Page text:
There are tests that measure how the lungs are working, but the best known is the spirometry. It consists of breathing through a device that measures the amount of air that the lungs retain and at what speed it can be exhaled. A stress test is also usually requested to measure patient limitations.
As the website of the US National Library of Medicine explains, the lung volume can be measured in two ways: plestimography and breathing of helium or nitrogen gas through a tube. Obviously, everything is professionally guided tests.
How to improve lung capacity
If we start from the fact that the respiratory system can be a limiting factor in physical performance, we come to the quick conclusion of how important it is to train it. Read the following tips and exercises to know how.
The European Lung Foundation insists on need to have healthy habits, which completely rules out smoking. This bad habit directly affects the ability to carry out a fluid and complete physical activity, preventing the athlete from knowing their potential development and performing optimized workouts. In fact, in just two weeks after the last cigarette you can exercise for longer.
The same foundation offers some general advice: start with a warm-up muscle, stretch to improve flexibility, train resistance, gradually increase intensity at your own pace, improve strength and cool after exercise, helping the breath to return to normal.
In cyclic and continuous activities, such as swimming or running, breathing should keep pace, be relaxed and deep. In those that do not follow a cycle, such as weightlifting, the breath must be synchronized with each phase: the air expires when you contract the muscles and inspires when you return to the initial position, when the muscles relax again.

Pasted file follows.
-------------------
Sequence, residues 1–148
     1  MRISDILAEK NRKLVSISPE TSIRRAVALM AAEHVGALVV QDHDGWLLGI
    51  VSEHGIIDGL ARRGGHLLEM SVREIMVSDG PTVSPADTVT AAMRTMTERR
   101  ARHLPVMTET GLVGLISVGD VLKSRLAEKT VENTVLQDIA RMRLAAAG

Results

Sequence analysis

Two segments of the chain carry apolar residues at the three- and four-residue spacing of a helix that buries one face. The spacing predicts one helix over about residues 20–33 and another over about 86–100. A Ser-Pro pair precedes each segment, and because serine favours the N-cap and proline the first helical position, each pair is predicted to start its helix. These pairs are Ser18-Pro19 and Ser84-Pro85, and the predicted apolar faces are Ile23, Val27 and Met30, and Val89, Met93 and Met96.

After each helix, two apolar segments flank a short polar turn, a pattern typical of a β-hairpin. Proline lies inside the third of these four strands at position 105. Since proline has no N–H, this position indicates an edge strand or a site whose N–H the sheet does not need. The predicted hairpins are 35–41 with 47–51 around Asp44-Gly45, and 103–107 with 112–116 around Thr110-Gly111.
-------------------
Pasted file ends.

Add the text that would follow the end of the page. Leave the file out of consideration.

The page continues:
The physiotherapist Rodrigo Cassaniti proposes simple exercises you can do at home, and that help increase lung capacity from the point of view of respiratory physiotherapy. He does this in this video from the YouTube channel of Fisio Online, a specialized portal that brings together professionals from the branch.
- Inspiration at various times and exhalation. You must be in a comfortable position, for example, lying down. Breathe in as much air as you can but do it at various times, from three to five steps, which will depend on your lung capacity. Hold the air for a moment and exhale. Increase the number of “steps” to improve capacity.
- Inspiration, maintenance and exhalation. It's about inhaling all the air, keeping it inside for a few seconds and exhaling. Then repeat, but keeping the air a little longer before exhaling.
On the other hand, in specific trainings other devices usually intervene, as the aforementioned review of the University of Cádiz recalls:
- Threshold device. The training is done through a small handheld device that facilitates air flow during inspiration, once a certain respiratory pressure is reached. The level of effort required of the respiratory muscles can be adjusted by the tension of a spring, according to the percentage of maximum inspiratory pressure of the patient.
- Resistive load device. It has a mouthpiece and a circular dial. When screaming the latter, the size of the opening through which a person must breathe varies, so that the smaller the opening, the greater the resistance to inspiration.
- Voluntary isocratic hypernea. It is a device that helps increase the level of ventilation of the person to a certain level, which causes an increase in respiratory rate.
Are training aimed at very specific needs, whose results are disparate and that must be prescribed and supervised by a specialist, as a physiotherapist dedicated to the respiratory muscles. If you do not find yourself in special circumstances, you can implement the above: train resistance and strength, gradually increase the load and intensity and do not forget to heat or cool.
Keep in mind that, even if you have breathing problems that hinder your activity, you should not fall into the error of not performing any physical exercise, as this helps improve your abilities. Go adjusting the rhythm to your abilities and, if you experience any strange sensation, get in touch with your doctor.